This analysis resulted in a new CISA job practice that reflects the vital and evolving responsibilities of IT auditors. The new CISA job practice was effective beginning with the CISA exam administration in June 2011. In these statements, we consider the terms ‘enterprise’ and ‘organization’ or ‘organizational’ as synonymous.

Certified Information Systems Auditor (CISA): Navigating the Path to IT Assurance

In the rapidly evolving world of information technology, organizations rely on robust systems and secure data handling. To ensure the integrity, confidentiality, and availability of information systems, they turn to Certified Information Systems Auditors (CISAs) – professionals adept at safeguarding critical data and mitigating risks.

Understanding the CISA Certification:

ISACA, a leading professional association in the field of information technology, confers the CISA certification, which globally recognizes it as a mark of excellence in IT assurance, security, and governance.

Key Areas of Expertise:

CISAs are experts in several key domains:

  • Information Systems Auditing: They are proficient in evaluating an organization’s information systems, practices, and controls to ensure they meet regulatory requirements and best practices.
  • Governance and Management: CISAs assess an organization’s governance framework, examining management and operational controls, risk management, and strategic planning.
  • Information Systems Acquisition and Development: They ensure that information systems are designed and developed with security and compliance in mind, reducing vulnerabilities.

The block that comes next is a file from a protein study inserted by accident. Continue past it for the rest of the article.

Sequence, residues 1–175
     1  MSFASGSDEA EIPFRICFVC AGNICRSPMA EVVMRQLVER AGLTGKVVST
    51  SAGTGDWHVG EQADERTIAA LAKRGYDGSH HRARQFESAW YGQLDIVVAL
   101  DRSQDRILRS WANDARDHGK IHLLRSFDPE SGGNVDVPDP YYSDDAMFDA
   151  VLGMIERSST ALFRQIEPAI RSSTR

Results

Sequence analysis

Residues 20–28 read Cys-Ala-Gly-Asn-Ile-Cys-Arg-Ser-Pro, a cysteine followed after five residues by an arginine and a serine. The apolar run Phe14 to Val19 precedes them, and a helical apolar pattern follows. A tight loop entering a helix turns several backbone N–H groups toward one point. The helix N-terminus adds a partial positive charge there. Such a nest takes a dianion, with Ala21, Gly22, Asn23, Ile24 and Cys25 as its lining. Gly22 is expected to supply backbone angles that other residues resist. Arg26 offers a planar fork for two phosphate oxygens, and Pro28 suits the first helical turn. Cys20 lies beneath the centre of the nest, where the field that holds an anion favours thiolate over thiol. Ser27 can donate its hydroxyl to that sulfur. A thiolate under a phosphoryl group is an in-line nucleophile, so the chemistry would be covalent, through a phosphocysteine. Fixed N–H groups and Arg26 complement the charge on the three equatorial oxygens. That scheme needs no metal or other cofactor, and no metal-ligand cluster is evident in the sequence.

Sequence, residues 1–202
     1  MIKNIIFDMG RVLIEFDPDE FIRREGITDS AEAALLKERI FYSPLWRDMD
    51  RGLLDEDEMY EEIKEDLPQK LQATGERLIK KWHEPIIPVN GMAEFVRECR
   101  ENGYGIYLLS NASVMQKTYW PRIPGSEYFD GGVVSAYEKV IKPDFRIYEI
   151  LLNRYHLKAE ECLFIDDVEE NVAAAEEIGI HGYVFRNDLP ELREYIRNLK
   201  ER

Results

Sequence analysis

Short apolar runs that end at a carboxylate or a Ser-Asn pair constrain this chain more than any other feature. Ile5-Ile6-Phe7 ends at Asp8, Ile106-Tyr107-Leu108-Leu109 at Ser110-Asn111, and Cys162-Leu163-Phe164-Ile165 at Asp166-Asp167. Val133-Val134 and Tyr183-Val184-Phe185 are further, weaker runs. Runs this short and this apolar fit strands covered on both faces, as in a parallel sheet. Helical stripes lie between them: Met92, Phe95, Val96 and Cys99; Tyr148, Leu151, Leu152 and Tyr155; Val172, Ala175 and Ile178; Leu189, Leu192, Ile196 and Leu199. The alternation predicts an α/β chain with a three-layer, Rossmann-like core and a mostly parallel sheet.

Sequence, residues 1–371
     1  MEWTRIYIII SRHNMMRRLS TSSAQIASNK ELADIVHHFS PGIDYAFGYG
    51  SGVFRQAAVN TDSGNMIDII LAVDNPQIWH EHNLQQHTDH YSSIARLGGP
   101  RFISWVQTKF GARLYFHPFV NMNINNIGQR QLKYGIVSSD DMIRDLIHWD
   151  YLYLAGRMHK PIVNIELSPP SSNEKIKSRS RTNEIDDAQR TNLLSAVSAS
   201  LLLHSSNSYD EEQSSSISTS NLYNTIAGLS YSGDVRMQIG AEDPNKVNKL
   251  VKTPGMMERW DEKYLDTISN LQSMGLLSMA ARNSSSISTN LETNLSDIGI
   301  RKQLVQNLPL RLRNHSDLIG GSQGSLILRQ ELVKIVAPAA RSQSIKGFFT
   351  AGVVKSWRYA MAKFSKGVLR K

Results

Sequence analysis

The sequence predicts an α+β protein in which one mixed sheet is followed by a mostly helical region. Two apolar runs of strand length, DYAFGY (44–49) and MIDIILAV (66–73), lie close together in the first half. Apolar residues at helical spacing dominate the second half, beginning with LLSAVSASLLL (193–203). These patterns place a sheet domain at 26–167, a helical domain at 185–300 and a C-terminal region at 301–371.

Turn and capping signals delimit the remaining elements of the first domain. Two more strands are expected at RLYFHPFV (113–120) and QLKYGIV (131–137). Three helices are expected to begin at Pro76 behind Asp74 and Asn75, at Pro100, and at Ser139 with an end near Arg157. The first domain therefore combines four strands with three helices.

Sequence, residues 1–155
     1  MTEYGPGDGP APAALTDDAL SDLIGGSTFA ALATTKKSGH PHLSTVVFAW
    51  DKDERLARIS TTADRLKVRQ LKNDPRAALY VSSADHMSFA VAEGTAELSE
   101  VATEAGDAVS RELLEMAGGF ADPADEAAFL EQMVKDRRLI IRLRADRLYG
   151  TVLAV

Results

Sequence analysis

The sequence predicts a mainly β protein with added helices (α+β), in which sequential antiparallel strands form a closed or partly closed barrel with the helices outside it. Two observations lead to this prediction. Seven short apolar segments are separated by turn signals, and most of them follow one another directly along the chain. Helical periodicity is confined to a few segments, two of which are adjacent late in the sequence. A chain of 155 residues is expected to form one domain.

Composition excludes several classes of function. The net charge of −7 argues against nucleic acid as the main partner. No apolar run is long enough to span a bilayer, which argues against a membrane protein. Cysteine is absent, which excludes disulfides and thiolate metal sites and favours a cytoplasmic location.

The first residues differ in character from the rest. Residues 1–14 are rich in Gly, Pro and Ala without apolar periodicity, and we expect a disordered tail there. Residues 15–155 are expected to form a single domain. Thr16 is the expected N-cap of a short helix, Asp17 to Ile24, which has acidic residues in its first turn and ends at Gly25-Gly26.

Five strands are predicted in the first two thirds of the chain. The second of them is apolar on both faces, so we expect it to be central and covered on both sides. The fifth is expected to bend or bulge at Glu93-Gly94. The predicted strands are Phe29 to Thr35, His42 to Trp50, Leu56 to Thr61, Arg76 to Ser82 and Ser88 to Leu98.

• Information Systems Operations and Business Resilience: CISAs review the ongoing operations of IT systems, including incident management and disaster recovery, to ensure they are resilient to disruptions.
  • Protection of Information Assets: Safeguarding an organization’s sensitive information is paramount. CISAs assess security policies, access controls, and data protection measures.

Why CISA Matters:

  • Global Recognition: CISA is internationally respected and sought after by organizations across various industries. Holding this certification demonstrates a commitment to excellence in IT audit, control, and assurance.
  • Career Advancement: CISA certification can open doors to career advancement opportunities, such as IT auditing, risk management, and compliance roles.
  • Risk Mitigation: In an era of increasing cyber threats, CISAs help organizations identify and mitigate risks to their information systems, protecting sensitive data from breaches.
  • Compliance: CISAs ensure organizations meet regulatory requirements, helping them avoid legal issues and financial penalties.
  • Continuous Learning: To maintain their CISA certification, professionals must engage in ongoing professional education, ensuring they stay current in a rapidly evolving field.

Becoming a CISA:

To earn the CISA certification, candidates must pass the CISA exam, meet the work experience requirements, and adhere to the ISACA Code of Professional Ethics and Continuing Professional Education (CPE) policy.

In conclusion, Certified Information Systems Auditors (CISAs) are instrumental in securing and assuring the reliability of information systems for organizations worldwide. Their expertise in auditing, governance, and risk management makes them invaluable guardians of critical data in the digital age.

Reviews

There are no reviews yet.

Be the first to review “Certified Information Systems Auditor (CISA)”

Your email address will not be published. Required fields are marked *

preloader